Docket: All documents in the docket are listed in the index. Although listed in the index, some information is not publicly available, e.g., CBI or other information whose disclosure is restricted by statute. Certain other material, such as copyrighted material, will be publicly available only in hard copy. Publicly available docket materials are available either electronically in or in hard copy at the Water Docket, EPA/DC, EPA West, Room B102, 1301 Constitution Ave. NW., Washington, DC. The Public Reading Room is open from 8:30 a.m. to 4:30 p.m., Monday through Friday, excluding legal holidays. The telephone number for the Public Reading Room is (202) 566-1744, and the telephone number for the Water Docket is (202) 566-2426.

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Maria Gomez-Taylor, Office of Science and Technology, Office of Water (4303-T), Environmental Protection Agency, 1200 Pennsylvania Avenue NW; Washington, DC 20460; telephone number: (202) 566-1005; fax number: (202) 566-1053; email address:

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I. General Information

A. Does this action apply to me?

EPA Regions, as well as States, Territories and Tribes authorized to implement the National Pollutant Discharge Elimination System (NPDES) program, issue permits with conditions designed to ensure compliance with the technology-based and water quality-based requirements of the Clean Water Act (CWA). These permits may include restrictions on the quantity of pollutants that may be discharged as well as pollutant measurement and reporting requirements. If EPA has approved a test procedure for analysis of a specific pollutant, the NPDES permittee must use an approved test procedure (or an approved alternate test procedure) for the specific pollutant when measuring the required waste constituent. Similarly, if EPA has established sampling requirements, measurements taken under an NPDES permit must comply with these requirements. Therefore, entities with NPDES permits will potentially be affected by the actions in this rulemaking. Categories and entities that may potentially be affected by the requirements of today's rule include:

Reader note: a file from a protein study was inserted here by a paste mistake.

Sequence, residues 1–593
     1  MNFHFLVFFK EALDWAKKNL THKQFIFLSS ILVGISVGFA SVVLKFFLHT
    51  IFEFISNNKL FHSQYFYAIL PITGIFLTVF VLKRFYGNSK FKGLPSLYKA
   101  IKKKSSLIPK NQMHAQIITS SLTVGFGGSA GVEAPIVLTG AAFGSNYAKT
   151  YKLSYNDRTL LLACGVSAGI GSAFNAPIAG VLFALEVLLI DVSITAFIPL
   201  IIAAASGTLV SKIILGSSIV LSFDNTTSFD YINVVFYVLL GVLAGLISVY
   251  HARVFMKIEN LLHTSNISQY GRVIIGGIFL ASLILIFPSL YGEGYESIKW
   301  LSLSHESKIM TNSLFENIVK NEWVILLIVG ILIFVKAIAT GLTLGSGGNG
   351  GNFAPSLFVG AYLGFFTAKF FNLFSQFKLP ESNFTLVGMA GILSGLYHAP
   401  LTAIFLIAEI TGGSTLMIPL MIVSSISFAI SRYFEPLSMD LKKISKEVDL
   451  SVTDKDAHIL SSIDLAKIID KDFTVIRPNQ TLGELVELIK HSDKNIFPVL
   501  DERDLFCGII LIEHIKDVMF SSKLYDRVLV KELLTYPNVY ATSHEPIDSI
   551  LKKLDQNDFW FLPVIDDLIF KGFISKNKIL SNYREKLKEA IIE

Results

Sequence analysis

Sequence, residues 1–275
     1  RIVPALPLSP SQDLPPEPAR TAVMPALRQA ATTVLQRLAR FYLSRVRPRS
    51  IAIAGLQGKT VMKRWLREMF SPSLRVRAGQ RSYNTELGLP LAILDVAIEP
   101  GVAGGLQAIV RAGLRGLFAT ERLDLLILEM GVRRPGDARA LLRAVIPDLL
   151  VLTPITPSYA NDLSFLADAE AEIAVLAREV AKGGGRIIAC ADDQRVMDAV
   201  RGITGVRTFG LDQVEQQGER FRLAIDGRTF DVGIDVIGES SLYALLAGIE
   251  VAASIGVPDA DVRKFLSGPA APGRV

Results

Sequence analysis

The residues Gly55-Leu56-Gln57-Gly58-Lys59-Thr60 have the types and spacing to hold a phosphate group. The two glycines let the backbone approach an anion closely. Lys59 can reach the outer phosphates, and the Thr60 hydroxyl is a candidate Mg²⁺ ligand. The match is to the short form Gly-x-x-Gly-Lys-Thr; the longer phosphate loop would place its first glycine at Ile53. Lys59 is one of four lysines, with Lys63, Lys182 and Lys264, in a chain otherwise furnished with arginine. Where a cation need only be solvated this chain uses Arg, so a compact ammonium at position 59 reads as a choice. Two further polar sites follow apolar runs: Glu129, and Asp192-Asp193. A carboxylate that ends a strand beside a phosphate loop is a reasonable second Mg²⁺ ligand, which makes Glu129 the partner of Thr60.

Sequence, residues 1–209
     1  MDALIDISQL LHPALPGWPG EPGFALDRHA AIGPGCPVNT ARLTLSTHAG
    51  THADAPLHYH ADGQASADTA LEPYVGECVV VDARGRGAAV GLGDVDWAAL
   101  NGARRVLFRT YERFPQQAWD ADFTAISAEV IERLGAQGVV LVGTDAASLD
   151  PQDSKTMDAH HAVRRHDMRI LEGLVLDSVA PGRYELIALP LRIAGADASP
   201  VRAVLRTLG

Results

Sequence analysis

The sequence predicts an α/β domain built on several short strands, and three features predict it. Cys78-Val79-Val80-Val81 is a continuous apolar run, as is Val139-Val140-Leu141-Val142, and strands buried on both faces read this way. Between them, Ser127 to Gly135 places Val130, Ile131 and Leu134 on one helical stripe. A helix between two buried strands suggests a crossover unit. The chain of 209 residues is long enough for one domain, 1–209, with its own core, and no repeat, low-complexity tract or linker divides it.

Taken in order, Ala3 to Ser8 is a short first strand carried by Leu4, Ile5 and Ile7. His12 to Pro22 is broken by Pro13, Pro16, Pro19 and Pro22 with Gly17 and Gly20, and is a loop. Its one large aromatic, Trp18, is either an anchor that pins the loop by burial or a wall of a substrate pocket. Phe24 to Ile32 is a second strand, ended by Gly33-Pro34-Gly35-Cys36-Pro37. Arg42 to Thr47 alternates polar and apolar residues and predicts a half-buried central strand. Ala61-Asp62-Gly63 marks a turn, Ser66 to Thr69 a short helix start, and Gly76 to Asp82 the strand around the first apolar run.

CategoryExamples of potentially affected entities
State, Territorial, and Indian Tribal GovernmentsStates, Territories, and Tribes authorized to administer the NPDES permitting program; States, Territories, and Tribes providing certification under Clean Water Act section 401; State, Territorial, and Indian Tribal owned facilities that must conduct monitoring to comply with NPDES permits.
IndustryFacilities that must conduct monitoring to comply with NPDES permits.
MunicipalitiesPOTWs or other municipality owned facilities that must conduct monitoring to comply with NPDES permits.